The Utah Jazz have a lot going for them at the moment. Even though they already were one of the better teams in the Western Conference last season, the moves they’ve made in recent months have vaulted them to one of the better teams in the entire league.
In short, there’s so much to look forward to in Salt Lake this October: Mike Conley Jr. and Bojan Bogdanovic improving their spacing. Year Three of Donovan Mitchell. Rudy Gobert’s offensive progression. Those plotlines alone make the Jazz’ ceiling so exciting to think about. With all the excitement being stirred up, there’s one thread, in particular, that’s been swept under the rug — the return of Dante Exum.
Potential has always been the word associated with Exum. His physical tools — combined with the skills he possesses — makes it hard to not see what a blossoming future could hold. A 6-foot-6 point guard with long arms, a high vertical and lightning-quick speed almost seems like a prospect too good to be true. But it’s sad to say that through no fault of his own, Exum’s potential has basically been his one saving grace since arriving in the NBA.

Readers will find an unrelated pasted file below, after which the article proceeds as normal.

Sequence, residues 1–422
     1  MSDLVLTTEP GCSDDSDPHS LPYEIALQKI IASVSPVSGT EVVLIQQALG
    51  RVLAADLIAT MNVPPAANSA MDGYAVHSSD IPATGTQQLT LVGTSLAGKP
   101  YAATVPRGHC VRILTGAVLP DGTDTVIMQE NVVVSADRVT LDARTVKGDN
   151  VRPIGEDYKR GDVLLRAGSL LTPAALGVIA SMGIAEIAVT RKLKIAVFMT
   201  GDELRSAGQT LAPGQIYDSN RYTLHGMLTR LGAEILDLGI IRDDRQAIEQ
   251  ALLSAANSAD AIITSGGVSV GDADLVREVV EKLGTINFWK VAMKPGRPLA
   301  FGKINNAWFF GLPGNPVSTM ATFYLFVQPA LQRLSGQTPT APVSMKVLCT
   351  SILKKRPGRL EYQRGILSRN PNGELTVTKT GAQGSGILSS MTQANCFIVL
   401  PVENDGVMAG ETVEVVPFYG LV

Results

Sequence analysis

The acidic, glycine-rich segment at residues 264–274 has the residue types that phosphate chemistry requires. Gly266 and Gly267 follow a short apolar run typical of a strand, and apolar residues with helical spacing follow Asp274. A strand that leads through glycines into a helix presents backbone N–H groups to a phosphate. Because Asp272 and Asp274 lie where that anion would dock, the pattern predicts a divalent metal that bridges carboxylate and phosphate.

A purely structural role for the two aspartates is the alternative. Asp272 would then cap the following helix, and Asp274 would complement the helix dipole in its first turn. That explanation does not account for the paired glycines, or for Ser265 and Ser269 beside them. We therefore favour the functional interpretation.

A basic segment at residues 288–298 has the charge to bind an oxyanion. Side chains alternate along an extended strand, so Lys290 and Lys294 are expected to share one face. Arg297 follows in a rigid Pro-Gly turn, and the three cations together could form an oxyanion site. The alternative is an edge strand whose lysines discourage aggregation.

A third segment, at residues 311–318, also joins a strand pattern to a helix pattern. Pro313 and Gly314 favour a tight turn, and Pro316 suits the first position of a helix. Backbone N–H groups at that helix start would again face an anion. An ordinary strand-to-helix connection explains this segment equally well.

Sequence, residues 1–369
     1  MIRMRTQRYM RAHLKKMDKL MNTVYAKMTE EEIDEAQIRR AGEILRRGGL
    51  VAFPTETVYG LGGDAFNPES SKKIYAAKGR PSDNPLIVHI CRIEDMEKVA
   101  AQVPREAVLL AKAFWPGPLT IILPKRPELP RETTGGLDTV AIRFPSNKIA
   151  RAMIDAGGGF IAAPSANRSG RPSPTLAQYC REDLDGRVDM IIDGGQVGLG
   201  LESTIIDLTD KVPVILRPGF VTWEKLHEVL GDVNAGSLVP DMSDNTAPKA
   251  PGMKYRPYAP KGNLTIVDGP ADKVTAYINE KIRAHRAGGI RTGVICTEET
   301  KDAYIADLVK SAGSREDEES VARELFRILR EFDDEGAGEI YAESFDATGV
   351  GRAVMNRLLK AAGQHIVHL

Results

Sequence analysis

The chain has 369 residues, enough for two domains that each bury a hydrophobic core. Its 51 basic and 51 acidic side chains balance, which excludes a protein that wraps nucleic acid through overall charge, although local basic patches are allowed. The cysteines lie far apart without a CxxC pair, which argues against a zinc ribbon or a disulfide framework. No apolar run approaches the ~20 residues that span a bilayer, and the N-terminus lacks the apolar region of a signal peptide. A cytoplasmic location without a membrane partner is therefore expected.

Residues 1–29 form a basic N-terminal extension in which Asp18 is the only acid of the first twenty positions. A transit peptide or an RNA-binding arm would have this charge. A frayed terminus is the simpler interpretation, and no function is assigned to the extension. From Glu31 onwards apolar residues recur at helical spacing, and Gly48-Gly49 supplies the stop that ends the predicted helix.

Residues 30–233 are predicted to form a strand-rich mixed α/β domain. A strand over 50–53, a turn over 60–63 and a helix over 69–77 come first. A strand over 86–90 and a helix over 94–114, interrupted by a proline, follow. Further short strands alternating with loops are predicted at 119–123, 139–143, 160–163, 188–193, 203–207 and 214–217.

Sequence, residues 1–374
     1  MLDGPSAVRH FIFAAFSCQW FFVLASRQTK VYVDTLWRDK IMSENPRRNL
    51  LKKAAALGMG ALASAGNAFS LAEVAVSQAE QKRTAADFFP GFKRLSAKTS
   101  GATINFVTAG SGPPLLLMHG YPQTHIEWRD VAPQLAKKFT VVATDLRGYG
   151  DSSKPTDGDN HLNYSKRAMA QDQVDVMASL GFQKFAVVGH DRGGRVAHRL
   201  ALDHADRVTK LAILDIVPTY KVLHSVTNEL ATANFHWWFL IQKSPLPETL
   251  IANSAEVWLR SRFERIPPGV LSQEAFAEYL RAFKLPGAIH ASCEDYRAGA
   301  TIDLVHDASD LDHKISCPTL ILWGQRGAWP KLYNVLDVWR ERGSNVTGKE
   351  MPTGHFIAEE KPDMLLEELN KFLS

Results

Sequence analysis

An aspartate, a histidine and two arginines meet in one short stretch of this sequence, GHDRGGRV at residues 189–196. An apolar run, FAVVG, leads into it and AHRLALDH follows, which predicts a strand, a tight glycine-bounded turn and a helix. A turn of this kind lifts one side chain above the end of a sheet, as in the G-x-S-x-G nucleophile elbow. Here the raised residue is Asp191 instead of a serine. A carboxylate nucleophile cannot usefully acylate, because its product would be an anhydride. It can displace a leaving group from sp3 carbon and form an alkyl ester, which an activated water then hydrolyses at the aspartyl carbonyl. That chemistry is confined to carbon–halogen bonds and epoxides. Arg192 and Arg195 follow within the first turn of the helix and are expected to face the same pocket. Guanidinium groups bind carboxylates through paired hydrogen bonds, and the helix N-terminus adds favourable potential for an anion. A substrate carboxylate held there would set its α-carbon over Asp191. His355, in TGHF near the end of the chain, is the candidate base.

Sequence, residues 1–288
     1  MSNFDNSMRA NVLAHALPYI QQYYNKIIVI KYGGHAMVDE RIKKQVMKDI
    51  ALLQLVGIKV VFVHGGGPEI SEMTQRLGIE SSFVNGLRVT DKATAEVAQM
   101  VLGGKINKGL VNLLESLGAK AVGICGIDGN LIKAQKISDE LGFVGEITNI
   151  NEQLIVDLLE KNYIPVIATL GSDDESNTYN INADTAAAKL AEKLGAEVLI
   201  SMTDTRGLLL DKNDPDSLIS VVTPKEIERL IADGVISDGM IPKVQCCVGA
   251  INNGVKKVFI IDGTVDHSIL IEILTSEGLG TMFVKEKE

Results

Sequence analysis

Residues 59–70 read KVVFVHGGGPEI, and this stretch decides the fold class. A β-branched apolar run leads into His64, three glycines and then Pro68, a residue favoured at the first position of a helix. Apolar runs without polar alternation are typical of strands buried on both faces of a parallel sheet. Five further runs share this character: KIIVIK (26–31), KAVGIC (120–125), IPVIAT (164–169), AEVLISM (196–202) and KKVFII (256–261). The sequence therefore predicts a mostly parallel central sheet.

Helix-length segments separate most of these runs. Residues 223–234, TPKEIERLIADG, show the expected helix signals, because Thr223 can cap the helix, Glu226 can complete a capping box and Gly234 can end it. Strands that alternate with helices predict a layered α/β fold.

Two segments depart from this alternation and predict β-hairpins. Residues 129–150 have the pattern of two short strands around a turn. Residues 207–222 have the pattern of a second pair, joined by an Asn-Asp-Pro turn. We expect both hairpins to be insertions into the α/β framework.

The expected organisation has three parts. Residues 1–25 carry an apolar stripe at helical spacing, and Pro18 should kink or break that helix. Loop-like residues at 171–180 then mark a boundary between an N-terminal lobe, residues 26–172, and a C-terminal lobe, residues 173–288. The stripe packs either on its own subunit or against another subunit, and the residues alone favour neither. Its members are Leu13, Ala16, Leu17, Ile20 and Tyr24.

Unlike say, Rodney Hood, who failed to put it together in Utah for reasons not entirely clear, Exum’s lack of production has come from an inability to stay on the court.
In the five years since he was drafted, Exum has missed one season entirely because of a torn ACL (2015-16), lost the majority of another thanks to a dislocated shoulder (2017-18) and then trudged through both and ankle sprain and a slightly torn patellar tendon (2018-2019) to boot. Because of all that, the conversation around Exum always comes down to what he could do, not what he has done.
That’s why it’s hard to make an argument in either direction for Exum. His extensive injury history makes it difficult to grasp what exactly to expect from him for this season. It also doesn’t help that, even when he was healthy, the 24-year-old’s production has been too inconsistent to make any type of definitive claim just yet.